We caught up with Cormac to find out more about this project.
How did this project come about?
It was a reaction in the face of Trump’s candidacy. The realisation came early on that the words would be have to be all his. No criticism anyone else could level would be as damming as what comes out of Trump’s own mouth. My part was to tell the story in images. I wanted to strike a balance between the farcical comedy notion of it and the very dark potential it carries.
Where did you take these shots?
The landscapes were from my last visit to the United States. The portraits and still life in my studio in Paris.
What’s the story behind these images?
The project was approached like movie-making. Every image is a complete fabrication, each scene having a well defined and scripted intention. A lot of effort was put into the casting, styling and fine details to create heightened atmosphere in which to tell the story. A pause to consider a future where Trump’s hateful preachings would be converted into actions with fallout for people and lives.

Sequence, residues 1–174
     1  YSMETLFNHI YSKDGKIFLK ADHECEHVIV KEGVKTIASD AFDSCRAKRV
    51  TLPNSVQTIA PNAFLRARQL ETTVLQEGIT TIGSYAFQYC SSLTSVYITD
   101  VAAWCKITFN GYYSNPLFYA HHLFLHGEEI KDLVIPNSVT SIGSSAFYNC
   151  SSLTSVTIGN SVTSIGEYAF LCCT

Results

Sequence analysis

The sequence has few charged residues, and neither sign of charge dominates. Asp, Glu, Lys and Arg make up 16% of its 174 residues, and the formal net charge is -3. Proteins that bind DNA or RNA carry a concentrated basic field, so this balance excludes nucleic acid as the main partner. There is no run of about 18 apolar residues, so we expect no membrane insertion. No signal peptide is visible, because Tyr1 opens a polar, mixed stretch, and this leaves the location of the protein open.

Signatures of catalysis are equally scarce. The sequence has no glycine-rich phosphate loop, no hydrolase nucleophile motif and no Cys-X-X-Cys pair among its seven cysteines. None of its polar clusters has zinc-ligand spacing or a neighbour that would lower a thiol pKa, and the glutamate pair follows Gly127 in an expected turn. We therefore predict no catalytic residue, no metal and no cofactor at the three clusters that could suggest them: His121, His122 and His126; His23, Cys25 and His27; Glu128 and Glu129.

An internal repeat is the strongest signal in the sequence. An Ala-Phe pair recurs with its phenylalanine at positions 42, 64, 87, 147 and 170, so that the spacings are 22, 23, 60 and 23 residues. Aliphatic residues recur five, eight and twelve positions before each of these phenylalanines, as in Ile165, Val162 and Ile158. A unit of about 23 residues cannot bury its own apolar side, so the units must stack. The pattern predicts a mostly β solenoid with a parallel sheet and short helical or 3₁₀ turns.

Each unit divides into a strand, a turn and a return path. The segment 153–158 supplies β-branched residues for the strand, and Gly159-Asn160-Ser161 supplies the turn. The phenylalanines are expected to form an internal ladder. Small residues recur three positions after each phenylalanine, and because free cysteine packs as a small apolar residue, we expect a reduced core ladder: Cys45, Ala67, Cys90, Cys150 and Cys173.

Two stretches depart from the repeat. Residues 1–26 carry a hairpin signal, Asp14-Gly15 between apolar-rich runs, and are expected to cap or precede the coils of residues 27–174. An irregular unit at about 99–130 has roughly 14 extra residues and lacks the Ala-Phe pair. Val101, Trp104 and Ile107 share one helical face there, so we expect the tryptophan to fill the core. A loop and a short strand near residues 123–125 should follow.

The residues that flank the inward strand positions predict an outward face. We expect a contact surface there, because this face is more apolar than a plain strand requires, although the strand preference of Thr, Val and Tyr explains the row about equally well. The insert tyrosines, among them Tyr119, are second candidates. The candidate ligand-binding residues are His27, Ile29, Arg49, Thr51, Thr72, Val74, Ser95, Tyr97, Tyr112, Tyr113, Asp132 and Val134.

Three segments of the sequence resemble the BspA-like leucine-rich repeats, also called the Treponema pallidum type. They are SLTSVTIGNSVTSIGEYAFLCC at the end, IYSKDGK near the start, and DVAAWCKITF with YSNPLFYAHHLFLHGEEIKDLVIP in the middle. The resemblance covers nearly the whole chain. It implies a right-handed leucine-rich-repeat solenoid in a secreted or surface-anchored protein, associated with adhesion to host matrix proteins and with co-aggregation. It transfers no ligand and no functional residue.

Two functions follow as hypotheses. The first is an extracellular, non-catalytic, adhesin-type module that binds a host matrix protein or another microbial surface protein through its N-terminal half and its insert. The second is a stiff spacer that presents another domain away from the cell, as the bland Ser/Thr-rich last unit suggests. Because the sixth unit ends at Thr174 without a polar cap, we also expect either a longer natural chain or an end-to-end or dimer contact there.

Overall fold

How did you edit them down to the final cut?
With the portraits, the communication had to be there in the eyes - open for the viewer to interpret.
It was the same story with the still life, atmosphere was key. Even the Lego Cop was approached like a portrait, light and angle playing a big part in bringing power and tension to the tiny 4cm tall plastic figure.
How have your personal projects helped your commissioned work?
Yes, I think it really helps let the world know where you are coming from.
Tell us something surprising about this project
Even the neck tattoos are are a styling element - stick on transfers designed by a friend of mine!
The full project gallery can be seen here www.TrumpShouts.com